5 min read
Here's the undedited transcription:
Hi, I'm Terry, I'm an engineer from MapR Streams team. Today, I'm going to talk about a few turning tapes from MapR Streams. In this example, I'm using an Apache Flink application to run on top of MapR Streams. First, we're using a MapR 5.1.0 cluster with 10 nodes, with YARN installed on the cluster, and we're spinning up Apache Flink 1.0 directly to run against MapR Streams. The reason is because MapR Streams supports Kafka 0.9 API, and any application that supports Kafka 0.9 API will be able to run on MapR Streams seamlessly. Flink being such an application, it's a good pick for us to start with.
We first created a base line with the application in hand to see how it works, and then we're starting from there to tune the applications. In the first round of the applications, we spin up 10 Flink task managers in the cluster, so that's one Flink task manager per node. We have 72 partitions being created for the topics that we're producing to in the stream, and we have our MapR Streams being replicated three way on disk, so for each mastery disk being produced, it will have 3 copies of data being saved on disk for data protection and high availability.
Each of the task managers also spins off 72 stream producers, internally within the single process, to producing the masters to MapR Streams. It also have 72 consumers being spinned off on each process to consume the stream to messages that has been producing to the stream.
In the first round, after the results, we are analyzing it, and we don't feel like it's very good, so we did some profiling on the application, as well as the stream site to see where the bottle necks are. The first bottle neck that we found out is on the producer itself because our producer, Stream Cline, is actually asynchronous model, which means that you have more spreading in same process. We're actually creating a spread contention to our producers. It basically means that your application spread is being fighting with the stream client's internal spreads, so to eliminate that problem, instead of the spinning of one task managers per node, we spinning off 3 task managers per node for Flink, and for 2 of the task managers, we're actually running 1 producer each in the task manager, so each physical process would only have 1 producer instance that's running.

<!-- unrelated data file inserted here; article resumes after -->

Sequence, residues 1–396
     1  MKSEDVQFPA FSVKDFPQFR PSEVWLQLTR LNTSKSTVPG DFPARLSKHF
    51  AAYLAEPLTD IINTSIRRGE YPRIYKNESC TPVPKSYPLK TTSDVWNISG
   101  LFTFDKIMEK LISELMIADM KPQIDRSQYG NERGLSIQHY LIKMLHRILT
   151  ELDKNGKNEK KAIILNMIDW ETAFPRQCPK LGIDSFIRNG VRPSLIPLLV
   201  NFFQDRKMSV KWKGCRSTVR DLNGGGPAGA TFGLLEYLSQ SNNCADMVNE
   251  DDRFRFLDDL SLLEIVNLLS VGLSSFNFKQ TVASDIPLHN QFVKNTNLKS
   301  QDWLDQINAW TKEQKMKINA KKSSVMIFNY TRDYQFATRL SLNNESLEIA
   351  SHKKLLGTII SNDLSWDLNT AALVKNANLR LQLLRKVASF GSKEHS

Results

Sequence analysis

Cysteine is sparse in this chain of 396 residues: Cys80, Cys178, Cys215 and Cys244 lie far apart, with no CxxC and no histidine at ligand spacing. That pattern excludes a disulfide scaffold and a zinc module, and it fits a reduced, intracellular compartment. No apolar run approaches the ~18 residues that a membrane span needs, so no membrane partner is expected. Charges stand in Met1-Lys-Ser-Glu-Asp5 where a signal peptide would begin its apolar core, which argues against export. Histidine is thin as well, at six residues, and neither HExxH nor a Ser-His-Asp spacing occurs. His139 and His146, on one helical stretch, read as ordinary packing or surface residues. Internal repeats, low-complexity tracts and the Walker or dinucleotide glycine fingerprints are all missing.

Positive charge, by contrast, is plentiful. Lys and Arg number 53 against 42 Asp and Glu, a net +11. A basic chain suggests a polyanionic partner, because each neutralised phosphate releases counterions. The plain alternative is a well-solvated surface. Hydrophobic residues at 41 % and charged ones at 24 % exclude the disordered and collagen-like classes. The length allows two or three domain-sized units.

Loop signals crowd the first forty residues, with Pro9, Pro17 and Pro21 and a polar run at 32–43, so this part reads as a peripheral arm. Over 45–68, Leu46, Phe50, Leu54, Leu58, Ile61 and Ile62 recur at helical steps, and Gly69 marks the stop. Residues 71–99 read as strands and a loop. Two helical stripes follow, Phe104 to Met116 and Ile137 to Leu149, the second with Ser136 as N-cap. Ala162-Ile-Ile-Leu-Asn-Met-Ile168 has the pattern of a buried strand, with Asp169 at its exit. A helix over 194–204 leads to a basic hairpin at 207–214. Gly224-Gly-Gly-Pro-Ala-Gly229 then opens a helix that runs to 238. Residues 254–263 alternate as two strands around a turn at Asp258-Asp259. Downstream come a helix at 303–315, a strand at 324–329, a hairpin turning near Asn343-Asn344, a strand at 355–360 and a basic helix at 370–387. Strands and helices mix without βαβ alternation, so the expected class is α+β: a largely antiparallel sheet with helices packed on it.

For the leftover task manager, we're running the stream consumer directly on the task manager, so in this case, we segregate out all of the processes contention into basically – to separate them out to not create the CPU bottle neck any more, and because the initial partitions that we had were 72, but we've done a thorough analysis and we actually found out that it's not giving us enough parallelism, so we actually increased that to 300. That's about 30 partitions per node. This combination gives us a really good result at the end, so we were able to get about a 250% increase, versus the initial application tuning that with it ourselves.
Some key takeaways for the stream tuning, first thing: The number of partitions. This is where you achieve parallelism on the surface side, so if is very important, the default number 10 is a good start to go with, but always measure how fast it is going according to your application needs, and your cluster sizing. So, in this case, our 72 is not good enough, but 300 gives us a good result. The second thing is that the producer, which is the stream client, are asynchronous inside, which means it will be able to handle very, very high rate of concurrency internally.
Your application does not need to use a multi-spreaded model to produce messages to our stream client. Instead, most of the time, a single stream will be good enough. A single spread will be good enough to produce messages to our stream client, so I hope these key takeaway can help you to tune your application run much faster, much more reliable, and better on MapR Streams.
If you have any questions or comments about our video, please leave your comments below. Thank you!
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